Earlier today I got into an accidental Twitter argument with a stranger who took umbrage at my implication that WordPerfect was a relic of a bygone era. The long and improbable thread came to a close with me conceding that “I suppose my IF pals would also be cranky at someone insistently describing text adventures as a ‘primarily historical’ phenomenon.”, to which a friend replied: “IF is the silent film of gaming.”
That got me thinking – who were our Buster Keaton and Charlie Chaplin? What were our Nosferatu and Metropolis? And, more to the point, what was our “The Jazz Singer”?
It’s not on topic per se, but - I’m extremely surprised to find out that Word Perfect is still out there. It was the program I took to college, but that was over a decade ago. I thought Microsoft Office and Open Office swept the field.
I gather that the legal profession, canny enough to know that if they throw money at problems they can avoid ever having to retrain for any skill, has singlehandedly kept it on life support. Random guy really took umbrage at my insinuation that his beloved product predates the IBM PC.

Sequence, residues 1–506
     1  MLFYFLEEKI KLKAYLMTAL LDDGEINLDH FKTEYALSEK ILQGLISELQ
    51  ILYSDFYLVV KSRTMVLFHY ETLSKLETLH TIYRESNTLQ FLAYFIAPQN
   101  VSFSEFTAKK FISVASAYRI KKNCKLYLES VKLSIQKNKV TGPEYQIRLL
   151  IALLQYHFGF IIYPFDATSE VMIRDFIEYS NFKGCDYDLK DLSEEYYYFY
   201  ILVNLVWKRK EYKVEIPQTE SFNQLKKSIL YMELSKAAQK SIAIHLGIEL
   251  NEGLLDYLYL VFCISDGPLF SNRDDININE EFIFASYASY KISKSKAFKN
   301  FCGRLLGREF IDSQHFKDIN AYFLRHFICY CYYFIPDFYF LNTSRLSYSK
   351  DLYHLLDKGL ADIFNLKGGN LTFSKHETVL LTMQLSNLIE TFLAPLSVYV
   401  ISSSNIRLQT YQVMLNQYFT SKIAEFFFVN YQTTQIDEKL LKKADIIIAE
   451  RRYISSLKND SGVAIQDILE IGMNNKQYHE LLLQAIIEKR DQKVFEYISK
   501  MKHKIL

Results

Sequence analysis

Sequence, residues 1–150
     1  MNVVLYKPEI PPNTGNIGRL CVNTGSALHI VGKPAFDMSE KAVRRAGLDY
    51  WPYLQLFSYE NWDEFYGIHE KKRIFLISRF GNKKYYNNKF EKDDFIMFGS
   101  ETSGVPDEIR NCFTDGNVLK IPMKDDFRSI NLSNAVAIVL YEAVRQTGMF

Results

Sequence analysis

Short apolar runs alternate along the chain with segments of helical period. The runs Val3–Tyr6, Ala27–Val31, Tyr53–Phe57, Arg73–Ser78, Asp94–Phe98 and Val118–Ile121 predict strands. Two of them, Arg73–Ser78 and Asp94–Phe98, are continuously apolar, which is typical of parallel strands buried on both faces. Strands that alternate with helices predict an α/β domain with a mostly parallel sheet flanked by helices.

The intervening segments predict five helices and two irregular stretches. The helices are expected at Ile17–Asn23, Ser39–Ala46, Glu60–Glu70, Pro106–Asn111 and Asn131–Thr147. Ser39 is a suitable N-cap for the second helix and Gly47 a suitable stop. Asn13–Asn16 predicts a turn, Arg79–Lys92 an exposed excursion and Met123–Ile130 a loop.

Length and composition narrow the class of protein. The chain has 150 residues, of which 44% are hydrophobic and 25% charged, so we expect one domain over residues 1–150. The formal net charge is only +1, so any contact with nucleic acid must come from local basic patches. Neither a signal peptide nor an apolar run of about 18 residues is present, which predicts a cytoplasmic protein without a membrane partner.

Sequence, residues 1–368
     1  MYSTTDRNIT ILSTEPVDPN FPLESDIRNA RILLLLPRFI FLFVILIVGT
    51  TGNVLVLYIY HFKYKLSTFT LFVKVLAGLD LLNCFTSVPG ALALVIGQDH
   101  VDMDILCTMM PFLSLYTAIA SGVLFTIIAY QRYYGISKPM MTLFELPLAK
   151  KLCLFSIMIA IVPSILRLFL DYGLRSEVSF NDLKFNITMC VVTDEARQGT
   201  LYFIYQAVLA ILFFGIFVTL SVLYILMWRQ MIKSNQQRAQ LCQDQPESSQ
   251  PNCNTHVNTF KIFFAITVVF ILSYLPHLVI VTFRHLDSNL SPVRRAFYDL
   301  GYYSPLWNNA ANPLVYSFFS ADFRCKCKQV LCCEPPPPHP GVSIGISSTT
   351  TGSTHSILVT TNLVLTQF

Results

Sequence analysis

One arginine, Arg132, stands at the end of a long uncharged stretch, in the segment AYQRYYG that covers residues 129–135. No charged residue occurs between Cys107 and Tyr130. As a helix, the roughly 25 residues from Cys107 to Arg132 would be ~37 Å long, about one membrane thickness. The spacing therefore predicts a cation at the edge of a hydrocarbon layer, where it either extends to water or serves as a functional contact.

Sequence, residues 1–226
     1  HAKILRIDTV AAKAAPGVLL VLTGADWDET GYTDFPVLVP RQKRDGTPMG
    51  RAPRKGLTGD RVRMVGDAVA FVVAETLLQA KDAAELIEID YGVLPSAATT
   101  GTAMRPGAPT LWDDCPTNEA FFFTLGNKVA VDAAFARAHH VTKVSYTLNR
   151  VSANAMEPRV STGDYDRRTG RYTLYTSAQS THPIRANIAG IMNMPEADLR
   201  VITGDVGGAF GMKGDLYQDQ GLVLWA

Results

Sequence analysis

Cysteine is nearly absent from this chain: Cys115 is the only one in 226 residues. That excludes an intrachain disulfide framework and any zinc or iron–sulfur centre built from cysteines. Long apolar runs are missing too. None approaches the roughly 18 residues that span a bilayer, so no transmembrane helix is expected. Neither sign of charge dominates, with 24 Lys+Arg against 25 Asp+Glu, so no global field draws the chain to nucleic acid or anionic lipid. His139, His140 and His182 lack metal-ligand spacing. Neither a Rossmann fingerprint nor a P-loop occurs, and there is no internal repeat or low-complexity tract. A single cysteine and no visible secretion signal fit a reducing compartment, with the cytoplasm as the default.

In my country at least, our lawyers are occasionally required to dress according to the fashions of the 19th century, in which light their reluctance to jump ship from a word processor after only 35 years is more understandable.
I work in the legal profession and we use Word. I haven’t used WordPerfect in a long time and don’t know anyone that does. When I did use it, I didn’t like it much as it always seemed like the poor man’s version of Word.
Aaaah wordperfect 5.1… the good old days. Reveal codes because we didn’t have WYSIWYG. Even used WP6 and trial Correl Office. And just today; helping my grandma move off a dying 20 year old computer… WP6. One of the first things she asked: where’s reveal codes?
then point out to him all the text and dialogues and breadth of action than ask him to explain the silence and repetitive single action mechanics of games such as Super Mario, Tiny Thief, Angry Birds, Limbo, Journey, Ico etc
That knife can cut several ways – could be suggesting how we rely on the imaginations of the players to fill in much of what is implied by our elegant and minimalist basic text. (Of course, we’re even one step closer to the author’s concept: our works are closer to the scripts than to the films. Have there been any games with screenplay-style output?)
I suppose we haven’t yet had our “Singing in the Rain” game yet, a graphical adventure celebrating the milieu of the text adventure.